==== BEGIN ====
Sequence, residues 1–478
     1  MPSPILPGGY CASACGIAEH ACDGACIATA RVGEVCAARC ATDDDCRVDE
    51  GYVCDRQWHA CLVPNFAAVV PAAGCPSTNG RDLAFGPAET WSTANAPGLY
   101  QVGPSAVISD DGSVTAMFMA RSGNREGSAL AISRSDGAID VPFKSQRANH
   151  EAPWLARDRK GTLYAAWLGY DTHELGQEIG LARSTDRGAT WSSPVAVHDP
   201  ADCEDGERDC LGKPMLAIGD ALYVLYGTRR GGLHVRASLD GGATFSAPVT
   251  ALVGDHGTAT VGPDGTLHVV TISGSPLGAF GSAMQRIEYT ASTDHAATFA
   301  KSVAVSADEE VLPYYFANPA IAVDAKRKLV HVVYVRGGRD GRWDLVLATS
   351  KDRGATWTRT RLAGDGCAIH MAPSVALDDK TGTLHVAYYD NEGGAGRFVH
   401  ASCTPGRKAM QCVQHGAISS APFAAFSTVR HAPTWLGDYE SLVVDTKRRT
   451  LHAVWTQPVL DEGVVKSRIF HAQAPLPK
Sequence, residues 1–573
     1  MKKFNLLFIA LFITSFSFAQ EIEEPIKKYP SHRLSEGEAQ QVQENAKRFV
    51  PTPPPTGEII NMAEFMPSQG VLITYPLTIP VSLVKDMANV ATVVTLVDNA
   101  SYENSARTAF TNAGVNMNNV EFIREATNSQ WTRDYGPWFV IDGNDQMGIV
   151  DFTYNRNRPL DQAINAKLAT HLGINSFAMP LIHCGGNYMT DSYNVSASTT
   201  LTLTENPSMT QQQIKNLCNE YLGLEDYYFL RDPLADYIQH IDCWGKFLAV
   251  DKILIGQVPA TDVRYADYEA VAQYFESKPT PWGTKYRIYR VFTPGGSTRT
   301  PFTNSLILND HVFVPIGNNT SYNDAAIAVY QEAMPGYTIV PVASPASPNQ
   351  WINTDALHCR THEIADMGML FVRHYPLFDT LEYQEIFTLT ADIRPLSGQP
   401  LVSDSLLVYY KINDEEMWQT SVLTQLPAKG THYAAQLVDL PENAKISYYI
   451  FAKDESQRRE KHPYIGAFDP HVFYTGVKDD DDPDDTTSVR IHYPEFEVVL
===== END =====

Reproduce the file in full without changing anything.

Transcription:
Sequence, residues 1–478
     1  MPSPILPGGY CASACGIAEH ACDGACIATA RVGEVCAARC ATDDDCRVDE
    51  GYVCDRQWHA CLVPNFAAVV PAAGCPSTNG RDLAFGPAET WSTANAPGLY
   101  QVGPSAVISD DGSVTAMFMA RSGNREGSAL AISRSDGAID VPFKSQRANH
   151  EAPWLARDRK GTLYAAWLGY DTHELGQEIG LARSTDRGAT WSSPVAVHDP
   201  ADCEDGERDC LGKPMLAIGD ALYVLYGTRR GGLHVRASLD GGATFSAPVT
   251  ALVGDHGTAT VGPDGTLHVV TISGSPLGAF GSAMQRIEYT ASTDHAATFA
   301  KSVAVSADEE VLPYYFANPA IAVDAKRKLV HVVYVRGGRD GRWDLVLATS
   351  KDRGATWTRT RLAGDGCAIH MAPSVALDDK TGTLHVAYYD NEGGAGRFVH
   401  ASCTPGRKAM QCVQHGAISS APFAAFSTVR HAPTWLGDYE SLVVDTKRRT
   451  LHAVWTQPVL DEGVVKSRIF HAQAPLPK
Sequence, residues 1–573
     1  MKKFNLLFIA LFITSFSFAQ EIEEPIKKYP SHRLSEGEAQ QVQENAKRFV
    51  PTPPPTGEII NMAEFMPSQG VLITYPLTIP VSLVKDMANV ATVVTLVDNA
   101  SYENSARTAF TNAGVNMNNV EFIREATNSQ WTRDYGPWFV IDGNDQMGIV
   151  DFTYNRNRPL DQAINAKLAT HLGINSFAMP LIHCGGNYMT DSYNVSASTT
   201  LTLTENPSMT QQQIKNLCNE YLGLEDYYFL RDPLADYIQH IDCWGKFLAV
   251  DKILIGQVPA TDVRYADYEA VAQYFESKPT PWGTKYRIYR VFTPGGSTRT
   301  PFTNSLILND HVFVPIGNNT SYNDAAIAVY QEAMPGYTIV PVASPASPNQ
   351  WINTDALHCR THEIADMGML FVRHYPLFDT LEYQEIFTLT ADIRPLSGQP
   401  LVSDSLLVYY KINDEEMWQT SVLTQLPAKG THYAAQLVDL PENAKISYYI
   451  FAKDESQRRE KHPYIGAFDP HVFYTGVKDD DDPDDTTSVR IHYPEFEVVL